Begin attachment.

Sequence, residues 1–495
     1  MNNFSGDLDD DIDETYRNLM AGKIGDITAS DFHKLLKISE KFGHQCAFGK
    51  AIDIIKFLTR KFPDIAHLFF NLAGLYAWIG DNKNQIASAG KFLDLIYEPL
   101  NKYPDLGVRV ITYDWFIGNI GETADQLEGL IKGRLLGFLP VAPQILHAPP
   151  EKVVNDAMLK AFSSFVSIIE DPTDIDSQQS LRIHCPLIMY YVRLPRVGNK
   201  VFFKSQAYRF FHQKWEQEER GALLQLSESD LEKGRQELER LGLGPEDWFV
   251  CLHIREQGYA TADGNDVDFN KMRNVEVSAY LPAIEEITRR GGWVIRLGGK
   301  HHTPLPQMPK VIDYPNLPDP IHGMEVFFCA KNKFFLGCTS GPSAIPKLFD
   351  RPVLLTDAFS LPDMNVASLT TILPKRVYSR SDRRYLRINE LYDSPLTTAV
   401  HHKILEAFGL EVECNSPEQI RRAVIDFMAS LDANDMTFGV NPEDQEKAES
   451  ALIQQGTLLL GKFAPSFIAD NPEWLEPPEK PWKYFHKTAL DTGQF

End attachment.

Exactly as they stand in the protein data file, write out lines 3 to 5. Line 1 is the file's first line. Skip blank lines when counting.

    51  AIDIIKFLTR KFPDIAHLFF NLAGLYAWIG DNKNQIASAG KFLDLIYEPL
   101  NKYPDLGVRV ITYDWFIGNI GETADQLEGL IKGRLLGFLP VAPQILHAPP
   151  EKVVNDAMLK AFSSFVSIIE DPTDIDSQQS LRIHCPLIMY YVRLPRVGNK